Checking in With My NFFC Team through Week 5
In late-July, I competed in the NFFC 12-Man RotoWire Fantasy Football Online Championship on behalf of RotoWire. It's a 2,400-team tournament consisting of 12-team leagues, with the winner of it all taking down $100,000. It's a full PPR league that starts 1 QB, 2 RB, 3 WR, 1 FLEX, 1 K, and 1 D.
Through Week 5, I have a 3-2 record and I'm ranked fifth of 12 in total points (752.9). Here's a look at my starting roster as it stands right now:
• QB Andrew Luck
• RB Trent Richardson
• RB DeMarco Murray
• WR Demaryius Thomas
• WR Marques Colston
• WR Denarius Moore
• TE Julius Thomas
• FLEX Knowshon Moreno
To say I've been bailed out by the Broncos is an understatement. I drafted Demaryius Thomas and Knowshon Moreno, but picked up Julius Thomas on waivers after Week 1. Other than that trio, my team has been brutal. I'm in six high-stakes leagues this year, and this was by far my worst draft.
Even so, I've been able to post consistent production each week. I've beat the league average in four of five weeks, though usually just barely.
Based on my points scored, my 3-2 record is the most likely at this point. Although not ideal, I still have a shot at making a run to get into the playoffs.
But how good of a chance do I have, really? The truth is that I think it's pretty horrible - worse than the chances for a team I have currently sitting at 2-3.
The reason is that my team possesses little upside. Sitting at 3-2, I'm still very much an underdog to finish in the top two in this league. As I explained in the past, underdogs need to adopt a high-variance approach.
Well I can't trade in this league, so I'm basically stuck with what I got. Now, I have some players on the bench coming back - I lost both Shane Vereen and Andre Brown, seventh and ninth-round picks, respectively, early in the season - and I also have Ryan Mathews and EJ Manuel sitting there.
But of my starting skill players, 62.5 percent of them play on either the Colts or Broncos! Only three of my starters play outside of Indy or Denver. That could be okay for my mediocre team if I had a quarterback and wide receiver/tight end pair, but I don't.
In fact, the production of many of my starters is inversely correlated. As Luck's production increases, Richardson's is likely to do the opposite. The same goes for Moreno and the Thomases (though to less of a degree in Denver's high-powered offense). That might be part of the reason my team has been so consistent this year, but it could eventually be my downfall as well.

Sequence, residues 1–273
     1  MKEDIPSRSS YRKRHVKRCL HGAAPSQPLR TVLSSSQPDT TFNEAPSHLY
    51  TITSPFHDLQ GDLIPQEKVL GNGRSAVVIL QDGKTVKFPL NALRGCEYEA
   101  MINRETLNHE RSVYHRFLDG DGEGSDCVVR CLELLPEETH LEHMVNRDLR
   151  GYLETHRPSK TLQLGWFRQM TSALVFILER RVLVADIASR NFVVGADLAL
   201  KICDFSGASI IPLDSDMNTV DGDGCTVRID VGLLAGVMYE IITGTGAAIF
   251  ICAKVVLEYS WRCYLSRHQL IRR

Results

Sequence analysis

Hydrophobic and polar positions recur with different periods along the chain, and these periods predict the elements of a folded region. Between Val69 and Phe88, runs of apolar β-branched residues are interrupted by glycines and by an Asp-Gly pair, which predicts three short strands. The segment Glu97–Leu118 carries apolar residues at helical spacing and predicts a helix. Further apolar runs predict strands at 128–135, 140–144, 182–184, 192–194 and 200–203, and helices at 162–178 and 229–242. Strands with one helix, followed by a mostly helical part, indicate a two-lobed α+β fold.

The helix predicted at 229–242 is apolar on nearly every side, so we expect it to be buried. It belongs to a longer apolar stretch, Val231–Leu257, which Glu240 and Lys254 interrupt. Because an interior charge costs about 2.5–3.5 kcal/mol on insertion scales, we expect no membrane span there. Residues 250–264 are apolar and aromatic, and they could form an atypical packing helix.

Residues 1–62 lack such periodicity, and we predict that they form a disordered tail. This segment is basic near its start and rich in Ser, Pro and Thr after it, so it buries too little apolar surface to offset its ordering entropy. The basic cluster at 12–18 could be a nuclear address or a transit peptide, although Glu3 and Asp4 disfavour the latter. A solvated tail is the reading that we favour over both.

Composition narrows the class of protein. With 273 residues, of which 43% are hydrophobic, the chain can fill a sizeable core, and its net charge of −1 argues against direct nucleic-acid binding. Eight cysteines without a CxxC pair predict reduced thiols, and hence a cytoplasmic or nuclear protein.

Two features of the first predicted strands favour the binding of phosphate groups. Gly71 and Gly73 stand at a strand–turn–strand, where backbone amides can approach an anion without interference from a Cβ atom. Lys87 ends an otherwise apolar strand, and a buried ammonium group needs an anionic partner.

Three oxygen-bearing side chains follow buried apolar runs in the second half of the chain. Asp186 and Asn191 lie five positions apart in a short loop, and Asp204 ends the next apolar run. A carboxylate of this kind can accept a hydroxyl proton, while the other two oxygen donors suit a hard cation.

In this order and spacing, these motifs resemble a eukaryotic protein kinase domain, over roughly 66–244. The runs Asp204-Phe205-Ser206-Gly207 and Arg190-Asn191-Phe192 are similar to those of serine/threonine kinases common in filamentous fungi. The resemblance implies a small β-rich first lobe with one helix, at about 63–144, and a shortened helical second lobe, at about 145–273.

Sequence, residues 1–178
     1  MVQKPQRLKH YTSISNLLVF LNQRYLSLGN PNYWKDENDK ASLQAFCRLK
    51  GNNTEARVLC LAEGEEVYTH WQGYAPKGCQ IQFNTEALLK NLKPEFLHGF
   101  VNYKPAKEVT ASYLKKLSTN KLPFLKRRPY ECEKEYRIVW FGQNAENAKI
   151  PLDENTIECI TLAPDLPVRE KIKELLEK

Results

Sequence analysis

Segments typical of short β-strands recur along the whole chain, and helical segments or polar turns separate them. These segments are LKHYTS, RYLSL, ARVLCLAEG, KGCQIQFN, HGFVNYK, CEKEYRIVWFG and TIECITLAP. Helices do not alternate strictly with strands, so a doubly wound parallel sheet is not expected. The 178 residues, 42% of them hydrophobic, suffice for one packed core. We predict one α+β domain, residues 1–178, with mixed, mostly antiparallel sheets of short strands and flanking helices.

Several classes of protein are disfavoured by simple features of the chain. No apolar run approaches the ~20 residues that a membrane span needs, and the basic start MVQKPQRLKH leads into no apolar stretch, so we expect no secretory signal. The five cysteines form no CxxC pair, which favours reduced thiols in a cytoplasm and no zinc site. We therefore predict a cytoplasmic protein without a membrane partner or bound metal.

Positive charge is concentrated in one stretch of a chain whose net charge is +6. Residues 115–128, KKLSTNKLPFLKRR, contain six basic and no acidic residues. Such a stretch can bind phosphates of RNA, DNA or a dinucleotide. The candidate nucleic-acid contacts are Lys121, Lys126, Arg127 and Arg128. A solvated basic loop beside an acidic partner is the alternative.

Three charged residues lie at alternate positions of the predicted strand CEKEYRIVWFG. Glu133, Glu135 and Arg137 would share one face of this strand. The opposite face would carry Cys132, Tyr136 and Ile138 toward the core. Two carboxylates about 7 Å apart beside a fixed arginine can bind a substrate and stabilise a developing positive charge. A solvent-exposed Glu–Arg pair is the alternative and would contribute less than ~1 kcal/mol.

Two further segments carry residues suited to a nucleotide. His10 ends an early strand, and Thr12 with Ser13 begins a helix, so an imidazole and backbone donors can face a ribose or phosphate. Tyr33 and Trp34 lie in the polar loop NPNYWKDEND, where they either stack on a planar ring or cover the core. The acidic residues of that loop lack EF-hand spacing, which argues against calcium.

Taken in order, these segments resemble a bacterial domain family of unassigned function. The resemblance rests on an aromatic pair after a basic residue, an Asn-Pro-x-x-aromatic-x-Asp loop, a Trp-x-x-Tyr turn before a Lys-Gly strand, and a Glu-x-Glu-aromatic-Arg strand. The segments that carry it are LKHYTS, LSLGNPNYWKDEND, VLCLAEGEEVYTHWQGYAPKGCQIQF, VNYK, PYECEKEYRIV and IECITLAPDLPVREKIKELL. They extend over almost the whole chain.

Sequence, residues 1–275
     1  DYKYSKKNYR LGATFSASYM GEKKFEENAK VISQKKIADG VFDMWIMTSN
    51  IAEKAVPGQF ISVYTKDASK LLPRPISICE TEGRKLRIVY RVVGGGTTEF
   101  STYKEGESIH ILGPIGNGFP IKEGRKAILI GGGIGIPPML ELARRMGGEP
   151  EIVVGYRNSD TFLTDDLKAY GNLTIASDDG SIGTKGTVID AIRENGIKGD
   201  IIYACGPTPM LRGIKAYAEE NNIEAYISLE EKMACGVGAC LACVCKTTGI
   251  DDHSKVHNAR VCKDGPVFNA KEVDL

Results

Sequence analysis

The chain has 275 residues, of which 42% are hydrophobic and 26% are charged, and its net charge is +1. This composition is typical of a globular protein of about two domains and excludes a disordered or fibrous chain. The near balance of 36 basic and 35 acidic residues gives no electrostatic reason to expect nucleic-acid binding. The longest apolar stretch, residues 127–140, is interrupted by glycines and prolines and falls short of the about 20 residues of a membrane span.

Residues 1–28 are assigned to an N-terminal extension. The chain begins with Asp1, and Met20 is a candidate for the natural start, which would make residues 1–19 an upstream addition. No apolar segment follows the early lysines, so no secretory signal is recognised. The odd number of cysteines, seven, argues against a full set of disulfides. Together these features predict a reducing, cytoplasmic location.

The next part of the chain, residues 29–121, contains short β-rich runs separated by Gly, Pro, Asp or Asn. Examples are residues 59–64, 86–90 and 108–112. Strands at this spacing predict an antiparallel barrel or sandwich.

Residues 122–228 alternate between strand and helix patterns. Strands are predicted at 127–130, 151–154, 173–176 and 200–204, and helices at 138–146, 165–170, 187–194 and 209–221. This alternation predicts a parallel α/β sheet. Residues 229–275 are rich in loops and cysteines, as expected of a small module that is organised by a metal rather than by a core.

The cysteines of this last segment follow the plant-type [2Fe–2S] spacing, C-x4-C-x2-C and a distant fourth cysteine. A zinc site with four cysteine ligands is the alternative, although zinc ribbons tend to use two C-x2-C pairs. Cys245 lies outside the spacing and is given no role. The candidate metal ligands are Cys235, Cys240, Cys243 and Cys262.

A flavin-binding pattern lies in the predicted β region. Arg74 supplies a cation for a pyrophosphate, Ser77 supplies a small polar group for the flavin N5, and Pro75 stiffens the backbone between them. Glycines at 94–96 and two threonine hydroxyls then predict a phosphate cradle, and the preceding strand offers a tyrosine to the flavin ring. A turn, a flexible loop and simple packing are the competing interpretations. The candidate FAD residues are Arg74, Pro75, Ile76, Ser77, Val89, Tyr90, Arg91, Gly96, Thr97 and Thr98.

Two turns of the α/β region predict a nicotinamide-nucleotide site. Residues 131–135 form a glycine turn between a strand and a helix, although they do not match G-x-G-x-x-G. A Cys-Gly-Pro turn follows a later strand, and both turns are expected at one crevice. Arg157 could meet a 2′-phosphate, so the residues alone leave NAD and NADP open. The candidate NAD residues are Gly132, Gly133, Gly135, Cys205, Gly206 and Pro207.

At some point, I'm going to score an average number of points and get beat, and that can't happen more than about one more time. I need some big-time scores, but that's just very unlikely with so many teammates working together.
So if you find yourself in this sort of situation in a traditional league, consider making a trade. Your situation might be a little different since you don't necessarily need as much upside as possible in order to win $100k, but the concept is the same; underdogs need variance.
Moving forward, I'll be making lineup decisions based on my opponents. If I'm playing a quality squad, I'll need upside. That means if I have two players at the same position projected near one another, I'll side with the non-Colts/Broncos player.
On the other hand, I won't really have as much of a problem playing Luck and Richardson together, for example, when I face the team in last place. An average score in such a matchup would be a heavy favorite to win.
A final tactic I'll use is playing certain players based on the opponent's lineup. When I face off against the owner with Peyton Manning, for example, you better believe I'll be playing Thomas & Thomas. When I play the owner with Reggie Wayne, I might be more inclined to start Manuel (if he's back) or Joe Flacco (ew) over Luck just to maintain some upside within my head-to-head matchup. If Luck were to go off, chances are the other owner would be ahead anyway.
Ultimately, my team doesn't have much of a shot. But I'll do everything I can to increase my ceiling. If you find yourself in a similar position with a struggling team, you should be making trades, setting your lineup, and putting in waiver claims in such a way that you can take on as much variance as possible.
Jonathan Bales is the author of Fantasy Football for Smart People: How to Dominate Your Draft. He also runs the "Running the Numbers" blog at DallasCowboys.com and writes for the New York Times.